Note: 860 and 870-series OSL light sources are included for historical background only. With the introduction of the 860-series of Xe lamp OSL light sources, with the 1100FOI fiber optic illuminator, we are able to offer both IR and visible stimulation with narrow passbands. The new lower cost 870 Halogen OSL source has proven to yield excellent power levels at narrow bandwidths, for example 20 mW/cm2 at the sample at 514 nm (34 nm passband. To complement these instruments, we have enhanced the TLAPPLIC software to simplify handling of TL and up to eight filter sets for OSL under computer control in the same batch program. (The new FirstLight 2.0 for Windows 95/98 is being released in 2001.)
Both these OSL light sources have effectively been superseded by the 1100IR/Vis all solid state OSL exciter. This is a lower cost, zero maintenance instrument, and is our recommendation for general purpose dating. This light source has been updated recently with double the number of IR LEDs for increased output. With blue LEDs (480 nm center wavelength), optical power levels in excess of 50 mW/cm2 are possible, 30 mW/cm2 for green LEDs (515 cm). As other wavelengths of high power LEDs become available, they may be installed, since the ’light bar’ modules may be easily swapped. Maximum IR OSL power is now 100 mW/cm2. All solidstate light sources are controllable 0-100 per cent power, and may be linearly modulated. It would be possible to use an arbitrary I(t) should it prove useful, through a simple change in firmware. Papers on the “light bar’ design and the various OSL light sources are available. Pulsed OSL with time domain data acquisition is in design now (early 2006), and will involve swapping the CW/MOSL controller board of the 1100IR/Vis with a pulsed current driver. Third party computer-hosted photon counting in the time domain is now available at reasonable cost, and will serve as a very flexible means of collecting data.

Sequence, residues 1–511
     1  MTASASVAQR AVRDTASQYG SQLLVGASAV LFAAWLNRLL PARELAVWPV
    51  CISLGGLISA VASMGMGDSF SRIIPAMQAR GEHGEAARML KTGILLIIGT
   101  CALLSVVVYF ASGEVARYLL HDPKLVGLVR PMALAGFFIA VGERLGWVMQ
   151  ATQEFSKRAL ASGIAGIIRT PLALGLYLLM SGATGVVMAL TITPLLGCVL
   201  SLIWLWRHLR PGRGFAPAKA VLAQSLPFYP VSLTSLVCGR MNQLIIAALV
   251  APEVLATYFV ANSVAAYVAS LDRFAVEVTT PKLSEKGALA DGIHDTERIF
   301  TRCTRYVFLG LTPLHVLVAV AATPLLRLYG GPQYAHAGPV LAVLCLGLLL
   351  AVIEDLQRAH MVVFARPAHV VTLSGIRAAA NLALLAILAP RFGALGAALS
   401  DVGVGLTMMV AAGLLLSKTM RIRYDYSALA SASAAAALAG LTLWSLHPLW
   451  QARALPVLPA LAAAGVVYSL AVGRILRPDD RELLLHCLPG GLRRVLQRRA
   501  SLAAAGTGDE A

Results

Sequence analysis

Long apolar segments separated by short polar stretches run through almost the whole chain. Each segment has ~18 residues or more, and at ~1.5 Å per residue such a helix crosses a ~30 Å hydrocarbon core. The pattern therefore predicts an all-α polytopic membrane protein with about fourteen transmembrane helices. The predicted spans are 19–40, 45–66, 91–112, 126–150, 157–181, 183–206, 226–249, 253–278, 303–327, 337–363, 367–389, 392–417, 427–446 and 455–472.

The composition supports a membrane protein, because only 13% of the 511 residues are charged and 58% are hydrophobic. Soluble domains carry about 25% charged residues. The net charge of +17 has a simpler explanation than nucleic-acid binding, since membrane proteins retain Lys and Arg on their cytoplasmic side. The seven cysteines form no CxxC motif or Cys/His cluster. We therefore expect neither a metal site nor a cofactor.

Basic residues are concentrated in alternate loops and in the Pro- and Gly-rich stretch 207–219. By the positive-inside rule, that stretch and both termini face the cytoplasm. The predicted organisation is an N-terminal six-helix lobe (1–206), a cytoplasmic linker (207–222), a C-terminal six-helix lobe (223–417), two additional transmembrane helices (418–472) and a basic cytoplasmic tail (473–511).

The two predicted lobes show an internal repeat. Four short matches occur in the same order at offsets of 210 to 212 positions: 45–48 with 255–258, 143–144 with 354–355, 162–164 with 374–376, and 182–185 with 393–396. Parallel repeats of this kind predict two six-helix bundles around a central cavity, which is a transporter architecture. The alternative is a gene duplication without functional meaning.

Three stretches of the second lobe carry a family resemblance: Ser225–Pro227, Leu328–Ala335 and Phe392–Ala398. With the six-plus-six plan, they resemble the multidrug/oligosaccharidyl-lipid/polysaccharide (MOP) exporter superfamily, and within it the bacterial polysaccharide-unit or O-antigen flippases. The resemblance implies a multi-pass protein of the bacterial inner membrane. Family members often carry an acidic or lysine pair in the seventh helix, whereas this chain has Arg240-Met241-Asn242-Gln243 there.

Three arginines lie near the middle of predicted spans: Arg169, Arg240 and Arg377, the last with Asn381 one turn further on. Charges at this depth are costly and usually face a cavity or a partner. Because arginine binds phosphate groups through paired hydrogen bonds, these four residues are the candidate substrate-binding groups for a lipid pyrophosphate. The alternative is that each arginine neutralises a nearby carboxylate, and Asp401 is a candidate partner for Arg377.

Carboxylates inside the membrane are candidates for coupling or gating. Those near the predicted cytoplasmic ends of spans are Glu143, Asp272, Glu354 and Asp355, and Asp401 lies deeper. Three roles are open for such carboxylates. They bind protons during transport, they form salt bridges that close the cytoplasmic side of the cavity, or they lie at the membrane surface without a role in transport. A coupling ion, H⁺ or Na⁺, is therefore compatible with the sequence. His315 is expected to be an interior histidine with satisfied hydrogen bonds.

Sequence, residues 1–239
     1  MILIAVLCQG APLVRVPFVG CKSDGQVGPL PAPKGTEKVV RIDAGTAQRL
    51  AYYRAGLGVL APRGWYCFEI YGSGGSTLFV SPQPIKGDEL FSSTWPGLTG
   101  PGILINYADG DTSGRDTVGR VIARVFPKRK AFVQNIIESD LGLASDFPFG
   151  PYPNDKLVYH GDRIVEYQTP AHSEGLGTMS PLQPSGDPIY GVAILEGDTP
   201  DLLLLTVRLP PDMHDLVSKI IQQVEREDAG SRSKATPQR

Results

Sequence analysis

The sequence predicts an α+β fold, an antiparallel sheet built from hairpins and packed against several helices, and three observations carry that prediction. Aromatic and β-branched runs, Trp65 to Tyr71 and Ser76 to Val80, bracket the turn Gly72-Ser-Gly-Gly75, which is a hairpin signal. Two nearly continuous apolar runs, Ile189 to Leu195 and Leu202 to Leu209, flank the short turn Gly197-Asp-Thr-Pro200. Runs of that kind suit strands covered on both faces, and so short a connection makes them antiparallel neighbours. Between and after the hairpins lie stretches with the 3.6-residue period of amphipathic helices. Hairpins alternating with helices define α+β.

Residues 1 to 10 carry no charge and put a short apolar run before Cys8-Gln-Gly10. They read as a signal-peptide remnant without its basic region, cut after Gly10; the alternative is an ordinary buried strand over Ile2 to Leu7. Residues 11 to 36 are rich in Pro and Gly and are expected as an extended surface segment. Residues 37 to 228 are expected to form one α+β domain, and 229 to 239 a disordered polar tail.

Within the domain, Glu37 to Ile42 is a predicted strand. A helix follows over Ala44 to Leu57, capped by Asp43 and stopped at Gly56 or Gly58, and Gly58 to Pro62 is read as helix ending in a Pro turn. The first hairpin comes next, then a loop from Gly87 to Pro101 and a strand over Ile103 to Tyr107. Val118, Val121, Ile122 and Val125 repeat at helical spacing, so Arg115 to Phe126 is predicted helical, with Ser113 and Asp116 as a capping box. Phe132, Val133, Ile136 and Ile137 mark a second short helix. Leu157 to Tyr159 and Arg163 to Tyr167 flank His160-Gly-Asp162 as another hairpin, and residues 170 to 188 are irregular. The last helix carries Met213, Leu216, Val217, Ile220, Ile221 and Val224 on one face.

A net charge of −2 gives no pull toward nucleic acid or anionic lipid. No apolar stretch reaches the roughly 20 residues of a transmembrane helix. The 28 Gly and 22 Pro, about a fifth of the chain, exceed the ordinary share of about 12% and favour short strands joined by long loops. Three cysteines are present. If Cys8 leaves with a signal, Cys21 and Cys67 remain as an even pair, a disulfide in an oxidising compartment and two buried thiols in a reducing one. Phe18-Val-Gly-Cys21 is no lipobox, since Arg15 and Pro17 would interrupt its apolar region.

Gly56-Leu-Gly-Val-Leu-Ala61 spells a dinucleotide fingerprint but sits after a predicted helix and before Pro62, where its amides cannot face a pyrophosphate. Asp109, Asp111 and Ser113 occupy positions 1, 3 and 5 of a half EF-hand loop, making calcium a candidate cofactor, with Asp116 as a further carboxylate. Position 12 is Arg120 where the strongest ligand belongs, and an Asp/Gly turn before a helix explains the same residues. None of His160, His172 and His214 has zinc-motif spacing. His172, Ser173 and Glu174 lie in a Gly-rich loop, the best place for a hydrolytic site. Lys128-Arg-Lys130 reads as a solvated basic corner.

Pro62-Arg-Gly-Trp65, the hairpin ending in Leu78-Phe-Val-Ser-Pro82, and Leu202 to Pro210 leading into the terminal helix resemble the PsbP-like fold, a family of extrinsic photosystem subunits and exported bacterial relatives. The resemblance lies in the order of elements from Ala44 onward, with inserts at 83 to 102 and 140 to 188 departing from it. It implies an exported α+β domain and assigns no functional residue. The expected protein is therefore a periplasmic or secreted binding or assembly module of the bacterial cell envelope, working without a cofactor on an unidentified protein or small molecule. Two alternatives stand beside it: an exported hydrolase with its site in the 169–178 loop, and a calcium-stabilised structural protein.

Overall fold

A new stacking design for the detector/filter/illuminator configuration is now being delivered, and all Daybreak products conform to this standard. Four thumbscrews fix the stack of components to the top lid for quick and easy disassembly (e.g., for changing of filters).